The Comeback Prince

The Comeback Prince
Image Source: @GettyImages

The Comeback Prince

The rift between the captain and the coach of Team India in 2006 led to the sacking of Sourav Ganguly as captain who was eventually dropped from the team.

Amid the uproar on the exclusion of one of the 3 most dynamic figures in Indian cricket, India had been batting poorly in the limited-overs. Ordinary performance in the 2006-Champions Trophy and the 0-4 whitewash in the ODI series against the Proteas made sure Ganguly was called back for the Test series against South Africa.

Few saw it as a move from Vengasarkar, the then BCCI chairman of selectors, to get rid of the southpaw once and for all. Ganguly had been averaging 32 vs Proteas in Tests and against an attack of Steyn, Ntini, Pollock, Andre Nel, and Kallis it was highly unlikely for the 34-year old to succeed.

Desperate to prove the quality of cricket left in him, Ganguly did not leave hope when everyone else had. He was written off even by his family who thought it would be difficult to get back in the scheme of things. He worked hard on his batting, went back to domestic cricket, and got runs against his name.

Dada's grittiness and 10 months of preparation came to the rescue on the bowling-friendly green decks of South Africa where he ended up accumulating most runs for India on the tour.

The Practice Match
A low-scoring affair where batsmen averaged just 22.1 saw Ganguly score an excellent 83 in the first innings. Irfan Pathan got a 111 too, being the only other Indian batsman to reach 50 including both innings.
Adjudged the Man of the Match, Irfan was still left out from the 1st Test.

The Comeback Knock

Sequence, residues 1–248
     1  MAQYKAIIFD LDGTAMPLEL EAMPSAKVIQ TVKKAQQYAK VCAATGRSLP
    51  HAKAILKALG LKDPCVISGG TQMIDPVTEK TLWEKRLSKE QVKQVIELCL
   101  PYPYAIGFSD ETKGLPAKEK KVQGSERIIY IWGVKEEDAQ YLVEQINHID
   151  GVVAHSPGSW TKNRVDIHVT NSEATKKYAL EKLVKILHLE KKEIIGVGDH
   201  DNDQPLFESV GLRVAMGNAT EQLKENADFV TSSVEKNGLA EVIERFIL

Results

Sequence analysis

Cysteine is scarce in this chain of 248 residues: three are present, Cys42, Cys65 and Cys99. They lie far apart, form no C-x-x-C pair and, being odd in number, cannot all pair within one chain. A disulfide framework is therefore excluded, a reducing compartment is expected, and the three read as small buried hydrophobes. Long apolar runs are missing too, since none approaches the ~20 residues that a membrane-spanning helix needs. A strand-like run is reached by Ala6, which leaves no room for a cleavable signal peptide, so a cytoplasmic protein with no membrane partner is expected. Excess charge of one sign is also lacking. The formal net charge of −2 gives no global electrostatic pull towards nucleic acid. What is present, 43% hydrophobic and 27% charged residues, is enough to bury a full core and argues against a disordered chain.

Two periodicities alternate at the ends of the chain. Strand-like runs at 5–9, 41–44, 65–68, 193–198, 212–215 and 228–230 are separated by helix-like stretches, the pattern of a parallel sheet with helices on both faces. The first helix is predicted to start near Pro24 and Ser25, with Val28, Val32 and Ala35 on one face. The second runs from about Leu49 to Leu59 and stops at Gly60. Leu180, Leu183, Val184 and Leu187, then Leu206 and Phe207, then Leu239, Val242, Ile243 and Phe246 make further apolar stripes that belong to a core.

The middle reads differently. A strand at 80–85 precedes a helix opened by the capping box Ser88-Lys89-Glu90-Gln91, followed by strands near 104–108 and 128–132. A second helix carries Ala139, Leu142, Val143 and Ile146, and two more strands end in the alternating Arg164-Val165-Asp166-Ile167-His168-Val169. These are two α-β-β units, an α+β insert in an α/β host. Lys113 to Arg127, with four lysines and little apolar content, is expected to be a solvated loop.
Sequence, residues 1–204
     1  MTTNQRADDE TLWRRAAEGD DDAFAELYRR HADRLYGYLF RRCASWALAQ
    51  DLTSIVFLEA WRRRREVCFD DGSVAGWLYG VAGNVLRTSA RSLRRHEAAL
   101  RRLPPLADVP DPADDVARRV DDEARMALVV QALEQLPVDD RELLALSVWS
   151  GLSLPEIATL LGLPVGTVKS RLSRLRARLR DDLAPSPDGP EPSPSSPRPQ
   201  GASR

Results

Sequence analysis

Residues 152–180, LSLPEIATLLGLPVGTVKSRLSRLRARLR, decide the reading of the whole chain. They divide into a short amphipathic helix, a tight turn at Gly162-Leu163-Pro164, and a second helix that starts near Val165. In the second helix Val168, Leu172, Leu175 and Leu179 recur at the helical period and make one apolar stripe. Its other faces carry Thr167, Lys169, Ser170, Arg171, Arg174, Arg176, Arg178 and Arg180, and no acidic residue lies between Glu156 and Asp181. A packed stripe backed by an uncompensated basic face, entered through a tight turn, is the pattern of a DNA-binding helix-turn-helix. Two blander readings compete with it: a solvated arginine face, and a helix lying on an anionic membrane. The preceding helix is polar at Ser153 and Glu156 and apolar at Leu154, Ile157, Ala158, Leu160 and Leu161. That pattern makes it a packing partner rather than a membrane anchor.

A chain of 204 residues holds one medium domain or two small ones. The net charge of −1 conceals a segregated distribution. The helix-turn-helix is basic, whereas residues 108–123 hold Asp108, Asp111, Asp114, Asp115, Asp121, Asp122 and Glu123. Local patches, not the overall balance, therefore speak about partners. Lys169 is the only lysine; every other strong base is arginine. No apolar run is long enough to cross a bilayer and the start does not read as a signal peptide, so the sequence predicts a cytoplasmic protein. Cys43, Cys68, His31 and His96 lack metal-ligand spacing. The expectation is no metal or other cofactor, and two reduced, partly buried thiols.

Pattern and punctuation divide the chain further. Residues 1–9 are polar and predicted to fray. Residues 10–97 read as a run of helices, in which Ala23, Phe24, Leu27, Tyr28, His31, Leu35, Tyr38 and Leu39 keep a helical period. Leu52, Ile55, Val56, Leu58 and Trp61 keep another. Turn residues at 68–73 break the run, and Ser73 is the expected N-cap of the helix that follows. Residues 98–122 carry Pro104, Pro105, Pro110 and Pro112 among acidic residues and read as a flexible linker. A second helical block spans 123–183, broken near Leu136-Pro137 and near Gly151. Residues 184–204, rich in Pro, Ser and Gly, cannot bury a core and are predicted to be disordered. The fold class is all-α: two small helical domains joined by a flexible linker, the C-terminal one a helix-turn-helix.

Hopeful for Dada's success after seeing some form in the practice match, all eyes were on him in the 1st innings of the 1st Test. As India got bundled out for 249, Dada was unbeaten with sole fifty for the team. It turned out to be extremely important runs in victory as India lost the next 2 Tests and resultingly, the series.
The 101 balls he faced in that knock is one of the fiercest example of defiance.
The protests, the Parliament discussions, and the famous Pepsi ad would be seen in a very different light today, had he failed.

Dada went on to have a good series and was the leading run-scorer for India at an impressive average of 42.8 while the Indian Top5 averaged just 29.1
To quote him,
"This is was the finest cricket I have played in the last 17 months."

Until retirement, Dada was impeccable with the bat, especially in Tests. In fact, since his comeback to retirement, nobody scored more test runs for India than Ganguly.
1991: Ganguly
1804: Sachin
1683: Laxman
1442: Sehwag
1317: Dravid
1123: Dhoni

Even in ODIs he had been contributing regularly. In India's forgettable 2007 WC campaign, he was averaging 50+ with almost the same runs as the leading run-scorer for India-Sehwag.

He signed off from international cricket as an improved batsman on a much-deserving high.

Dada's Average in Internationals
Till he was Dropped: 40.7 (410 inns)
After the Comeback: 45.5 (78 inns)

In a way, Ganguly would be thankful for all the bumps and bruises that came his way in that fateful year of 2006. The true fighter in him became an inspiration to many of how to overcome the greatest of hurdles.

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